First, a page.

Found it on Facebook: Everything that’s wrong with a poster from the Left

One of my Democrat Facebook friends put this poster up on her feed:

Leftist view of the last two administrations

It’s a fascinating looking-glass view at the world, insofar as it sums up most of the last 14 years in a way precisely the opposite of the way in which conservatives see those years.  The praise for the Democrats is like looking at the glassy surface of a pool, only to discover the rot that lies beneath it.

I.  Let’s see what lies beneath those “Democrat miracles”:

[Read more...]

Help wanted re executive order analysis

imageOne of the things making the rounds on my “real me” Facebook is a poster claiming that Bush signed off on many more executive orders than did Obama. Since the poster is obviously out of date (not to mention the fact that it compares Bush’s 8 year term to Obama’s 1 or 2 year term at the time), I went to Wikipedia and found some interesting numbers.

Over eight years, George W. Bush issued 291 EOs, with the largest number in 2001 (presumably because of 9/11). That’s an average of slightly more than 36 per year. In the course of five years, Obama has issued 167 EOs, or an average of almost 21 per year. Under that metric, Progressives are absolutely right that Bush was the bigger offender.

It seems to me, though, that a numerical argument is a red herring. I’m under the impression — and I’m asking you, please, to correct me if I’m wrong — that conservatives’ objection to Obama’s EOs stems from the nature, not the number. That is, Obama is using EOs to void legislation, rather than as directives to effectuate legislation. In doing that, he’s unconstitutionally usurping Congress’s power (although Democrat Congress people seen fine with waving — or waiving — their prerogatives goodbye).

Please let me know if I’m right or wrong, and please direct me to articles with more information about this subject.

(And yes, I know I’m being lazy “crowd sourcing” this question, rather than doing the research myself. The thing is that I’ve learned from experience that you guys, individually and collectively, have extraordinary funds of knowledge. I’d be crazy, therefore, not to tap into those funds.)

Is Joe Biden actually Obama’s brain?

Joe Biden

You all remember from the Bush-era how we were told repeatedly that Dick Cheney was George Bush’s brain.  That notion arose when the Left couldn’t square Bush’s effectiveness as an executive (never mind his years of executive experience) with their certainty that he was, in fact, an idiot.  They were so relieved when they decided that Cheney was Bush’s puppet master.  I won’t debate the truth of that.  Suffice to say that I believe that George Bush was fully capable of handling the job.

Seth Mandel, however, floats the interesting notion — with actual facts supporting it — that Joe Biden has become Obama’s brain:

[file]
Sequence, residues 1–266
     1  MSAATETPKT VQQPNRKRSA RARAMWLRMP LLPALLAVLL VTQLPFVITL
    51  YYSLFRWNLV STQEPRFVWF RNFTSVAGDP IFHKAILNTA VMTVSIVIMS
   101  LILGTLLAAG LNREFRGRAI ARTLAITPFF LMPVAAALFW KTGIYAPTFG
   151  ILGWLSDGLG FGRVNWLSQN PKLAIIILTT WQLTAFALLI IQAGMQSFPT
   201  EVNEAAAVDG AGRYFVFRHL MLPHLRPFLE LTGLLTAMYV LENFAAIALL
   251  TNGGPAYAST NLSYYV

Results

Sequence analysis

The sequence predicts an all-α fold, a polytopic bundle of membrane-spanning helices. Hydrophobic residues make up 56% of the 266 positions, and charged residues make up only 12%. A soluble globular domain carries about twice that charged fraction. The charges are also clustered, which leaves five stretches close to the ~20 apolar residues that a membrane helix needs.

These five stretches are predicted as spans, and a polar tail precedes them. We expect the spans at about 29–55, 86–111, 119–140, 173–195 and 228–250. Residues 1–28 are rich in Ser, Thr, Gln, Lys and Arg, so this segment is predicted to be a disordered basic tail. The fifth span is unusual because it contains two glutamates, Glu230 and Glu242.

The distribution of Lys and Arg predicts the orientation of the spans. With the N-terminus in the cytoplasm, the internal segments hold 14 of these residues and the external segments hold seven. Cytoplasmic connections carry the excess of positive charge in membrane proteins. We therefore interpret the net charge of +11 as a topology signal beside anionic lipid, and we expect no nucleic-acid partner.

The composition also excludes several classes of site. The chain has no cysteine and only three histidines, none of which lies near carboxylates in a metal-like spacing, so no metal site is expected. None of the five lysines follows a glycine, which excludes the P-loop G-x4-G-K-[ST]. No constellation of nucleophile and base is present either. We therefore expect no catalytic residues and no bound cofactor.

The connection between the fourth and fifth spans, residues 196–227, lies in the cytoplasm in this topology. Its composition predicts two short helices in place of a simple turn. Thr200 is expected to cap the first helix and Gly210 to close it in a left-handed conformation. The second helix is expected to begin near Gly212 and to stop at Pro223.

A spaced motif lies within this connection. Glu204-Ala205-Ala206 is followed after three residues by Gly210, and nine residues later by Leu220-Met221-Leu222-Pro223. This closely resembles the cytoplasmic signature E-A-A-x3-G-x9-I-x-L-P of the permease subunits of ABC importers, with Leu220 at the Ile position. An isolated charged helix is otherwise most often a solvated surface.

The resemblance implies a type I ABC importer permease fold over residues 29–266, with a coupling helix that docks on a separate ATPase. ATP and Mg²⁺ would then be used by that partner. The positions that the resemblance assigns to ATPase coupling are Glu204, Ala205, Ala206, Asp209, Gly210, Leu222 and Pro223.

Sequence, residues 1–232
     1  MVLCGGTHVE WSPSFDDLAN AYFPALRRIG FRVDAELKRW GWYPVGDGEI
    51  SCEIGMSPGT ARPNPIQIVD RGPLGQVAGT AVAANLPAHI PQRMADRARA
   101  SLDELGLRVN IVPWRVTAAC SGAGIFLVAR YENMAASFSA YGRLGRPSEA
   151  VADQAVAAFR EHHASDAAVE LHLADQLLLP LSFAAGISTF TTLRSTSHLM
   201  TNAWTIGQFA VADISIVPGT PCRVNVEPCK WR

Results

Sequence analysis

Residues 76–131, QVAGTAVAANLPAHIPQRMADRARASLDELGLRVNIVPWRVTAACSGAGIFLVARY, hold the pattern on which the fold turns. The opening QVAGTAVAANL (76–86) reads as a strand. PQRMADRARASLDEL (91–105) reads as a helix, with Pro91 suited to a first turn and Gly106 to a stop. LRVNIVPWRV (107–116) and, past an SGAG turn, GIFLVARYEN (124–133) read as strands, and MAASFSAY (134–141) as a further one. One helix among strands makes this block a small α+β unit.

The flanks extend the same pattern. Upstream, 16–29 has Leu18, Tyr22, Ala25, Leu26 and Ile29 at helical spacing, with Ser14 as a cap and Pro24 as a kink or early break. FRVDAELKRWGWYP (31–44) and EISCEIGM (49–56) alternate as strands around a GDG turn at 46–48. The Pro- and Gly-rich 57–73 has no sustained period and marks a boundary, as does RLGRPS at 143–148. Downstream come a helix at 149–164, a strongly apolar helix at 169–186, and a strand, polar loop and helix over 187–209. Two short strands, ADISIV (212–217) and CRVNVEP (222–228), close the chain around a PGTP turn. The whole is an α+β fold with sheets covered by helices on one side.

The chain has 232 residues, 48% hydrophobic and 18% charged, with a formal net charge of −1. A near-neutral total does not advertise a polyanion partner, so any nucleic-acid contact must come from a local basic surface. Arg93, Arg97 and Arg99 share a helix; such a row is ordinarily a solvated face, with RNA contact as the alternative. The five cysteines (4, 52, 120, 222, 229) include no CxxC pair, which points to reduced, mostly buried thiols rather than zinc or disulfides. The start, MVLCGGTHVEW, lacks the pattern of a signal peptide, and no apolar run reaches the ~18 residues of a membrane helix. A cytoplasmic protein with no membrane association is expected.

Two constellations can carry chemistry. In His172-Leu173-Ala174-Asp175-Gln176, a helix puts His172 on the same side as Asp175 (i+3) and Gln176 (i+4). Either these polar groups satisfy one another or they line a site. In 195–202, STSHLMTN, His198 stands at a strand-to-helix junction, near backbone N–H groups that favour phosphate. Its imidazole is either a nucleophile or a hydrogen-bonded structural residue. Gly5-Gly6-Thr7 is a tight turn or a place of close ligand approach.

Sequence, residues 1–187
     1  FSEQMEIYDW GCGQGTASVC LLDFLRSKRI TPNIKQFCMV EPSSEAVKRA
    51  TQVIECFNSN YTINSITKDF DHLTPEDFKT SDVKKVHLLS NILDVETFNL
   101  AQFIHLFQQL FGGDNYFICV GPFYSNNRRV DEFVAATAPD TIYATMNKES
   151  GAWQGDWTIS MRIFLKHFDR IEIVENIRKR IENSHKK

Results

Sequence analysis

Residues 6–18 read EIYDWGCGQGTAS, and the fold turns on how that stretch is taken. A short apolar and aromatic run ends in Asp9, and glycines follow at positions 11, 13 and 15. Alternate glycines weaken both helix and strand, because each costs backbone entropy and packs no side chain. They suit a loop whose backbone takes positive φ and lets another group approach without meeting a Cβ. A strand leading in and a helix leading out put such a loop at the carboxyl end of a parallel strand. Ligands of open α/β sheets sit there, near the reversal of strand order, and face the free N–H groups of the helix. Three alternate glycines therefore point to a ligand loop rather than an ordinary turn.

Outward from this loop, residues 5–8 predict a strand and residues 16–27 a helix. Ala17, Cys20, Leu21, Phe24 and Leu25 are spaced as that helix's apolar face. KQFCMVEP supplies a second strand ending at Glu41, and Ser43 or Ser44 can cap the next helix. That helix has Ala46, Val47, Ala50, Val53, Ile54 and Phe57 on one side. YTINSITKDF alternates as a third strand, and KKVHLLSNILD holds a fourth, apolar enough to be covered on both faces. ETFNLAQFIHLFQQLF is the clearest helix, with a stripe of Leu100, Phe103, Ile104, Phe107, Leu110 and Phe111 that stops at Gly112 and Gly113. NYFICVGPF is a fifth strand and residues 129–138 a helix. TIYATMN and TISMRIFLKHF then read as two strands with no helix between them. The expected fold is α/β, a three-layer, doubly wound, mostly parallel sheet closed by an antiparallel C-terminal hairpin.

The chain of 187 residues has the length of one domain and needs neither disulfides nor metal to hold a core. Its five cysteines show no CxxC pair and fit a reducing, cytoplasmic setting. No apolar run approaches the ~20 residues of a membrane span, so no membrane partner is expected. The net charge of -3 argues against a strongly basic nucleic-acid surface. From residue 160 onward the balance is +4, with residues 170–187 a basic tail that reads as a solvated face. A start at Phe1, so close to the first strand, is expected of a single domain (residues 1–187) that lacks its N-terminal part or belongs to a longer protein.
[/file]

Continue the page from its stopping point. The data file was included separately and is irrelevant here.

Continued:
In October 2008, in a highly publicized and eagerly anticipated vice presidential debate between Joe Biden and Sarah Palin, Biden said something that would have been notable were it not for his reputation for bluster and braggadocio. When moderator Gwen Ifill asked the candidates about the job description and value of the vice presidency of the United States, Biden said this:

With regard to the role of vice president, I had a long talk, as I’m sure the governor did with her principal, in my case with Barack. Let me tell you what Barack asked me to do. I have a history of getting things done in the United States Senate. John McCain would acknowledge that. My record shows that on controversial issues. I would be the point person for the legislative initiatives in the United States Congress for our administration. I would also, when asked if I wanted a portfolio, my response was, no. But Barack Obama indicated to me he wanted me with him to help him govern. So every major decision he’ll be making, I’ll be sitting in the room to give my best advice. He’s president, not me, I’ll give my best advice.

This was Biden promising–and on the heels of the tenure of Dick Cheney, criticized volubly by the left for his active role in the White House–that he would be an unusually powerful vice president. And it was Biden’s way of reassuring those who were concerned about Obama’s inexperience. Obama may not be ready for all the challenges of the presidency, Biden was saying, but don’t worry: I’ll be in the room. And Obama may not have the kind of relationships with Congress that can get difficult legislation passed, but don’t worry: Uncle Joe will get it done.

It’s striking just how correct Biden was. Obama has bungled one negotiation with Congress after another, and Biden has stepped in. And when it comes to national security decision making, Biden has, in fact, been in the room.